CRIME
07/01/2018 08:50 am ET Updated Jul 02, 2018

Right-Wing Portland Rally Declared Riot Amid Clashes With Antifa Protesters

Police canceled the Patriot Prayer’s rally permit as violence broke out in Portland's downtown.

A rally in Oregon sponsored by the right-wing group Patriot Prayer turned violent on Saturday as demonstrators clashed with anti-fascist protesters, who showed up in opposition to the event.

The Portland Police Bureau said that four people were taken to the hospital as a result of clashes at the gathering. One person suffered a serious, but non-life-threatening injury, while three others suffered non-serious injuries, the police said.

Four people were arrested in connection with criminal investigations that began before the Saturday protest, police added.

Amid the fighting, police declared that the so-called “Freedom and Courage” rally had turned into a riot and revoked the Patriot Prayer’s permit to hold the event at the Terry Schrunk Plaza, a federal park, in downtown Portland.

More than 100 demonstrators attended the event in support of Patriot Prayer, while more than 100 counterprotesters showed up, local news station KOIN 6 reported. Members of the Proud Boys, designated by the Southern Poverty Law Center as a hate group, attended the rally. (Patriot Prayer is not a designated as a hate group by the center.)

Counterprotesters threw eggs, half-empty water bottles and firecrackers at demonstrators shortly after the march by right-wingers began, The Oregonian reported.

In response, according to the paper, police fired pepper spray-filled paintballs into the crowd. Police also used firecrackers, smoke bombs and flash bangs to deter the violence, KOIN 6 reported.

Police denied using tear gas during the protest but said they did use “aerial distraction devices.”

Officers with the Department of Homeland Security were also at the demonstration.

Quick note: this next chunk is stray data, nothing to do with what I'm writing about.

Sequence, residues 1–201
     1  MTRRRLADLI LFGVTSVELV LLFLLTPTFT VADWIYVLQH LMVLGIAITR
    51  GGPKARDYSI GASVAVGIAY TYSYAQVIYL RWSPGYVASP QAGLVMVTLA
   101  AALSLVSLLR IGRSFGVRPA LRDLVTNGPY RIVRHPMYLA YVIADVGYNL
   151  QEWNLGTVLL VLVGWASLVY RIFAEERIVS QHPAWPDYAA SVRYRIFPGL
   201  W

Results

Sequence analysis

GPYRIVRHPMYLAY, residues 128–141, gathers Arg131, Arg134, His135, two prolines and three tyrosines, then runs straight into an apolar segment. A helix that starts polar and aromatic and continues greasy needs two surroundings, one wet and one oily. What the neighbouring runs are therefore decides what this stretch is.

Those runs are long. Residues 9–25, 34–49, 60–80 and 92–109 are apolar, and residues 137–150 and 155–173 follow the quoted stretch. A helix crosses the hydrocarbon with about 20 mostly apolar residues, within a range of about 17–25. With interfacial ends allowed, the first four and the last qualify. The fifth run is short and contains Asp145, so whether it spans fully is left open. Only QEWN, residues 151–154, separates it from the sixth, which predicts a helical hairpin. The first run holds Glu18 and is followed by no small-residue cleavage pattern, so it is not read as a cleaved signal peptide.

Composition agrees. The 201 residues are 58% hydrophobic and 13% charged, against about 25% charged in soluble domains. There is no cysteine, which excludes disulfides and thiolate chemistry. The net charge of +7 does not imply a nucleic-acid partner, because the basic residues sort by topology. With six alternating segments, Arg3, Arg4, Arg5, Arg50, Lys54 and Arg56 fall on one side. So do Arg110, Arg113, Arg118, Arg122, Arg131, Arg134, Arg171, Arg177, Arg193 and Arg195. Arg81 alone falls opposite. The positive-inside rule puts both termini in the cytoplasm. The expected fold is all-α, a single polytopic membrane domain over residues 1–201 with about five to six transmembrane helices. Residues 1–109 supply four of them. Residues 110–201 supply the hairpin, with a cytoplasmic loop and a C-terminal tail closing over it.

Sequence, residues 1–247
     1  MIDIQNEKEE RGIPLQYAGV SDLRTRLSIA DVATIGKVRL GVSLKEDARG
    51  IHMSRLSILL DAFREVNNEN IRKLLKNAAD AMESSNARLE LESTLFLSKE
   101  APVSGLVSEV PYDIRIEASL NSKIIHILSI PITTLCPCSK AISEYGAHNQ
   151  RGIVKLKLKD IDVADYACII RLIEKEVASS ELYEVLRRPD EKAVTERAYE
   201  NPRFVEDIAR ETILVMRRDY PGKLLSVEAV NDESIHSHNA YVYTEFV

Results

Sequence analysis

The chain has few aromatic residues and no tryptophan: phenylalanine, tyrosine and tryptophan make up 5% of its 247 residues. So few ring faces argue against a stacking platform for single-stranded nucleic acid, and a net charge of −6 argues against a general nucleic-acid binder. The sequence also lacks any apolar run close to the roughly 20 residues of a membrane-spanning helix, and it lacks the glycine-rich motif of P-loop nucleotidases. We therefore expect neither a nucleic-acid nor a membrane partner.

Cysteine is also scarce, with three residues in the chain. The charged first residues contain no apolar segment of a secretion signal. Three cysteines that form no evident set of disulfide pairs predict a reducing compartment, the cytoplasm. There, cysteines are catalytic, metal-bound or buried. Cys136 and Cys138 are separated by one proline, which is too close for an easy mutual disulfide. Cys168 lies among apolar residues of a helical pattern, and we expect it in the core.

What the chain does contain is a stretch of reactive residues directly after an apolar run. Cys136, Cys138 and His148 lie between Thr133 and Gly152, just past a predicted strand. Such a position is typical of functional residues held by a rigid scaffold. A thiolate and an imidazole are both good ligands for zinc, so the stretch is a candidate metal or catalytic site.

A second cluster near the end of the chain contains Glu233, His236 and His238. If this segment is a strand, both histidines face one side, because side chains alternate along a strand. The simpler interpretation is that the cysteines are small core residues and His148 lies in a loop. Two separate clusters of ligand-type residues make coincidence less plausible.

Videos filmed by journalists showed Patriot Prayer demonstrators and counter-protesters charging at each other and brawling on the streets while explosions erupted around them.

In a series of tweets, freelance reporter Mike Bivins said that counterprotesters were throwing eggs, garbage and  rocks at Patriot Prayer demonstrators, then things “ratcheted up.”

Jason Wilson, a writer for The Guardian who was covering the rally, said in a tweet that the confrontation between the groups “would have to be among the worst protest violence I have seen in Portland” and included “unfair fights.”

Police reported seeing assaults, criminal behavior and “projectiles being thrown” during the rally. Earlier Saturday, police said they made “probable cause” arrests and tweeted photos of weapons they seized during the demonstration.

The “Freedom and Courage” event was organized by Patriot Prayer leader Joey Gibson, who’s hosted past rallies that have also turned violent and attracted white nationalists.

A group that identifies on Facebook as Eugene Antifa ― based in Eugene, Oregon ― organized the counterprotest, which they named “Defend PDX: Patriot Prayer’s Violence Must End.” The group also identified Gibson and the Proud Boys as their main opponents.

“It is very important that antifascists keep up the pressure so that we can stop them once and for all,” a Facebook event page for the counterprotest read.

“While many acolytes have broken away from Gibson at this point, the core that remains, largely Proud Boys, have grown increasingly violent,” the page said. “For this reason we must sustain our campaign, and keep up our efforts on as many fronts as possible until they completely cease their despicable activity.”

In anticipation of the rally, Portland police said there would be “significant law enforcement presence” in the downtown due to previous protests that erupted in violence between the groups.

Clashes between Patriot Prayer and their opponents broke out during a rally on June 3, leading to at least four arrests. The groups also dueled at several rallies held in 2017.

CORRECTION: A previous version of this story misstated the name of the Portland Police Bureau. 

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